Wikileaks is a Front for Russian Intelligence

The part played by Wikileaks in the Edward Snowden saga is an important one. The pivotal role of Julian Assange and other leading members of Wikileaks in getting Snowden from Hawaii to Moscow, from NSA employment to FSB protection, in the late spring of 2013 is a matter of record.

For years there have been questions about just what Wikileaks actually is. I know because I’ve been among those asking. Over two years ago, little more than two weeks after Snowden landed in Moscow, I explained my concerns about Wikileaks based on my background in counterintelligence. Specifically, the role of the Russian anti-Semite weirdo Israel Shamir, a close friend of Assange, in the Wikileaks circle merited attention, and to anyone trained in the right clues, the Assange group gave the impression of having a relationship with Russian intelligence. As I summed up my position in July 2013, based on what we knew so far:

It’s especially important given the fact that Wikileaks is playing a leading role in the Snowden case, to the dismay of some of Ed’s admirers and even members of his family. Not to mention that Snowden, as of this writing, is still in Moscow. One need not be a counterintelligence guru to have serious questions about Shamir and Wikileaks here. It may be a much bigger part of the story than it appears to the naked eye.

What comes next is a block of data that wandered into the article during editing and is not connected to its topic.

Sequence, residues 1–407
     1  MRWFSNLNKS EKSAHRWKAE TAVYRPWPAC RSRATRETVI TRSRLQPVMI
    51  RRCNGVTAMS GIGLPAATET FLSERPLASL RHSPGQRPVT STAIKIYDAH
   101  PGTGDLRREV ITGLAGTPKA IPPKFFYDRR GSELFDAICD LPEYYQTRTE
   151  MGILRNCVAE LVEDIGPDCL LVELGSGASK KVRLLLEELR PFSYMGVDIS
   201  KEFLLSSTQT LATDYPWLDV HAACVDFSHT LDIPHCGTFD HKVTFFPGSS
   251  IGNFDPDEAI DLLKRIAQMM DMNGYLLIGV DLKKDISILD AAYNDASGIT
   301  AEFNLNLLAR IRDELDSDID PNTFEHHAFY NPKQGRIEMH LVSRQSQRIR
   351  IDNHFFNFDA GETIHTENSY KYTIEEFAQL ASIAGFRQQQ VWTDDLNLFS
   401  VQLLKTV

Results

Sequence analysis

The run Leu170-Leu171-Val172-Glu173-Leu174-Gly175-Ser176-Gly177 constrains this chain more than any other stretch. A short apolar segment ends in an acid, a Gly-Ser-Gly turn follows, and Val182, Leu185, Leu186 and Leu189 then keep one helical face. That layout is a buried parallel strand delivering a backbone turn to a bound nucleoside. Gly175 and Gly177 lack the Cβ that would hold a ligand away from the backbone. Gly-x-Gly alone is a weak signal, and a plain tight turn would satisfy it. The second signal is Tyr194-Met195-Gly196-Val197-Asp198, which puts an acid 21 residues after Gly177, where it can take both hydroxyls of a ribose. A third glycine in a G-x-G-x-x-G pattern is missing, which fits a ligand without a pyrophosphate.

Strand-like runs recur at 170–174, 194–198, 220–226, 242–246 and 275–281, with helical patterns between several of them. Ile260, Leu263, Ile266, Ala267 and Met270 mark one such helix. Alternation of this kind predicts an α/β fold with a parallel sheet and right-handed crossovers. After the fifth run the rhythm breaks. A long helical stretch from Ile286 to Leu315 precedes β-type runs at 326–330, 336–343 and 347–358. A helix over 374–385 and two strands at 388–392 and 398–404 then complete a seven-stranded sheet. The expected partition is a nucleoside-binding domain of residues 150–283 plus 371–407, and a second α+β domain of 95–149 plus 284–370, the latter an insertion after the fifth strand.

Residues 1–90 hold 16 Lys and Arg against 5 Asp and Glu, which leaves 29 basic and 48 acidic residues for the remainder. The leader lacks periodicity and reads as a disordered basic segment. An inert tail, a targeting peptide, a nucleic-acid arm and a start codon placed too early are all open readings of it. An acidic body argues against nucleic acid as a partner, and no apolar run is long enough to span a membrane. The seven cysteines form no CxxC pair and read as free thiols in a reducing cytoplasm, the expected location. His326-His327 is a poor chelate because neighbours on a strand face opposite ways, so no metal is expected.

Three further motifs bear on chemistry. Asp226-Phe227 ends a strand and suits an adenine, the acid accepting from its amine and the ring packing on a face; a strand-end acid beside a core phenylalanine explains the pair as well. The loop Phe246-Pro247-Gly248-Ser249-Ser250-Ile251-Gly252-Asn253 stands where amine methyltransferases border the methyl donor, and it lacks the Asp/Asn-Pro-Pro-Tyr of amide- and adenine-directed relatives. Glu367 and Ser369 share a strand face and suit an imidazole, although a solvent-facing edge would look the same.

Evidence that Wikileaks is not what it seems to be has mounted over the years. Assange’s RT show didn’t help matters, neither did the fact that, despite having claimed to possess secret Russian intelligence files, Wikileaks has never exposed anything sensitive, as they have done with the purloined files of many other countries. To say nothing of Assange & Co. taking unmistakably pro-Russian positions on a host of controversial issues. Questions logically followed.

Now answers are appearing. It’s long been known that Wikileaks, by their own admission, counseled Ed Snowden in June 2013 to leave Hong Kong and head to Moscow. Contrary to the countless lies propagated by Snowden Operation activists, Snowden’s arrival in Russia was his choice; it had nothing to do with  canceled passports in Washington, DC.